Early details for summer schools unveiled
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School pupils moving from primary into secondary school in 2021 are set to be the target for summer school recovery work, according to Suffolk education insiders.
The Department for Education has begun mapping out measures to help pupils whose schooling has been disrupted by the Covid-19 pandemic, with a host of measures.
A £302million national recovery premium means Suffolk primaries will on average get £6,000 each, while secondaries receive around £22,000 for recovery activities, to be spent in ways they see fit.
That could be used to fund overtime for teachers, bring in external assistants for targeted work or on supplies.
£200m has also been set aside nationally for secondary schools to deliver summer schools, with a suggested focus on enhancing transition for those leaving Year 6 this summer and heading to Year 7 in September.
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Adrian Orr, Suffolk County Council's assistant director for education and learning, said: "There is money set aside for summer schools but we haven’t got all the detail.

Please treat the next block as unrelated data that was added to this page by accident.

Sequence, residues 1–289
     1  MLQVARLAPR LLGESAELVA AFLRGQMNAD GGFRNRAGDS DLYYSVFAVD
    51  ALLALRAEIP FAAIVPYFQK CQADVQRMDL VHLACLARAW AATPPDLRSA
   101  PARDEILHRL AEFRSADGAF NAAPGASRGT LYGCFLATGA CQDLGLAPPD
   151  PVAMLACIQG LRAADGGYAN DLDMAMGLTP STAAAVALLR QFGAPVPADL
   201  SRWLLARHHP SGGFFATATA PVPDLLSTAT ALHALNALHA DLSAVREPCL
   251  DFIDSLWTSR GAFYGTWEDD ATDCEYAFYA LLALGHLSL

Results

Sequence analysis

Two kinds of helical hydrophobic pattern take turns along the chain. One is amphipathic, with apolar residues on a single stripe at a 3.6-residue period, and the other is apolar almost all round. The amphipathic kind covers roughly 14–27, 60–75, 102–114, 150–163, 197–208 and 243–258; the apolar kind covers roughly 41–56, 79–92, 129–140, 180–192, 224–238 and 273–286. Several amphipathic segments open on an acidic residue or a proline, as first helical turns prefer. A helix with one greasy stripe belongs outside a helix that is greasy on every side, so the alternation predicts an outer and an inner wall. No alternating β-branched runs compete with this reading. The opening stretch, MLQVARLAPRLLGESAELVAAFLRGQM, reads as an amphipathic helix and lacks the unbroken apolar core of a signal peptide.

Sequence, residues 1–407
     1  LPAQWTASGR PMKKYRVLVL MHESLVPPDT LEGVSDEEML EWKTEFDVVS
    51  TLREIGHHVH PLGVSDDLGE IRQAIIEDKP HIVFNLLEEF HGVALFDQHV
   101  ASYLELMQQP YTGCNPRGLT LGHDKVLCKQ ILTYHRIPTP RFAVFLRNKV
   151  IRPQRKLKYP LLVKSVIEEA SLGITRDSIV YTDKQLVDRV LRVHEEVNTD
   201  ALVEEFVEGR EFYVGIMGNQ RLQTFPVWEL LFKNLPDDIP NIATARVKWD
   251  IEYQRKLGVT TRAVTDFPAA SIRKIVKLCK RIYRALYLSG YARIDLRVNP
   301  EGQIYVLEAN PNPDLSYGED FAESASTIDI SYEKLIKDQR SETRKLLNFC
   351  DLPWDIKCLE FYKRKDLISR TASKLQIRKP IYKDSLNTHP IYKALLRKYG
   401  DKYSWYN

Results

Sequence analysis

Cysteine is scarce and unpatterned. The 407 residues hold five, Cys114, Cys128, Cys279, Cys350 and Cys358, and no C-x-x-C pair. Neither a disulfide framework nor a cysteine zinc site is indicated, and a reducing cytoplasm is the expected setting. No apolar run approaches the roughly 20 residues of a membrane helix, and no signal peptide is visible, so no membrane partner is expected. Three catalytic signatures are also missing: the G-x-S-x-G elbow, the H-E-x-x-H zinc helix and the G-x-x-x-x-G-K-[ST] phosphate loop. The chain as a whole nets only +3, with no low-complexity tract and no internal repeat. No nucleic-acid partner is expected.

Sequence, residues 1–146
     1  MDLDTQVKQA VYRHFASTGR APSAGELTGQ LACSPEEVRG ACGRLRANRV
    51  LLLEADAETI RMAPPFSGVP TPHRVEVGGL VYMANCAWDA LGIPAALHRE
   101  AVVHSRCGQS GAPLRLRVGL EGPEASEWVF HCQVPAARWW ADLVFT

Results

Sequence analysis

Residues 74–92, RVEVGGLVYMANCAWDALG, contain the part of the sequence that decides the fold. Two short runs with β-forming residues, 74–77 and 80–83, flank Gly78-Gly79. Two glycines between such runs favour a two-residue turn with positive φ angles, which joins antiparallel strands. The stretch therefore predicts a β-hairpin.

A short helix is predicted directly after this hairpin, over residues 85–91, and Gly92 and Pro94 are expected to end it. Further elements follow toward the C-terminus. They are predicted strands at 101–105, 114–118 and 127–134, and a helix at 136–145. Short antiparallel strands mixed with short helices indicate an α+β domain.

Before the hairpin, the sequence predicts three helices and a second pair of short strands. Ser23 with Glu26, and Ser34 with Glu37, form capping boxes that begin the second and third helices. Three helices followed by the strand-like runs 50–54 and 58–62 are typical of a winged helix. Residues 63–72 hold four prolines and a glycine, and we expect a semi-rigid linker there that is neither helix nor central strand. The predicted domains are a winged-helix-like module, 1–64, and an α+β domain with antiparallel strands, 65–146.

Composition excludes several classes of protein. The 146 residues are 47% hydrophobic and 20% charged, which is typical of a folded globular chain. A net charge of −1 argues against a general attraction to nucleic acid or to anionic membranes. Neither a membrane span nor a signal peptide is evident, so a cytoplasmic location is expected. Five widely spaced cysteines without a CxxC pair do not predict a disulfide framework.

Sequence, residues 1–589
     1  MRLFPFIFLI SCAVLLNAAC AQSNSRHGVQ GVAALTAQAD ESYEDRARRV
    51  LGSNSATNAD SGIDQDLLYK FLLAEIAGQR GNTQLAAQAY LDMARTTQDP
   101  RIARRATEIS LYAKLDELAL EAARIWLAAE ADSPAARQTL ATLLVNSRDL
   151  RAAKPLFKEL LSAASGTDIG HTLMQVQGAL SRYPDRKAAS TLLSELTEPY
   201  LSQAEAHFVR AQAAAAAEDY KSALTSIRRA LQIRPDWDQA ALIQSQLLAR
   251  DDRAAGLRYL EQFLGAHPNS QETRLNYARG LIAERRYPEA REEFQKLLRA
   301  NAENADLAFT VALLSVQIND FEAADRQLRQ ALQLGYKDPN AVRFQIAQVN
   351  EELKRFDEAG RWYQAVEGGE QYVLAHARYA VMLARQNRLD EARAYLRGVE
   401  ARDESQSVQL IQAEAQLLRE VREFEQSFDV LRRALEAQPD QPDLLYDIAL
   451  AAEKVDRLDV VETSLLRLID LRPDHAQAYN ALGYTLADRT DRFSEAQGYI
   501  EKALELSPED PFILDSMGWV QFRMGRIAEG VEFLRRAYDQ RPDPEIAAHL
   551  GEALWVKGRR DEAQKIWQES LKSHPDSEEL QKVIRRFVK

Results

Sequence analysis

"The summer schools will be a mix of recovery and enrichment activities.
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"As far as we know at the moment, it is only secondary schools that will be able to draw down funding with a suggested focus on the new Year 7s, the young people coming up from primary.
"Although it doesn’t say it, it looks like it is enhanced transition from primary to secondary.
"I think the sector feel they would probably like to do something with groups within the school too but here is a real balancing act because young people need a break as well."
Suffolk County Council is hoping it will also be able to deliver some of its usual summer enrichment activities such as arts, science or sports clubs, usually held over four weeks.
Other government measures outlined include online resources being made available through the summer, an accelerator fund for schools to bid for a share of on specific recovery projects, and the appointment of a recovery lead.
"The sense across the profession is that we need a long term recovery plan that helps all young people achieve the key learning milestones they need to achieve, and that will be different for different young people," Mr Orr said.
"Four weeks in the summer is not going to address all that has happened.
"There will be some young people who have thrived in this lockdown, others that have done okay, and there will be others that need significant support.
"We have to see this as a longer term endeavour."
More details on potential summer schools are set to be finalised over the coming weeks and months.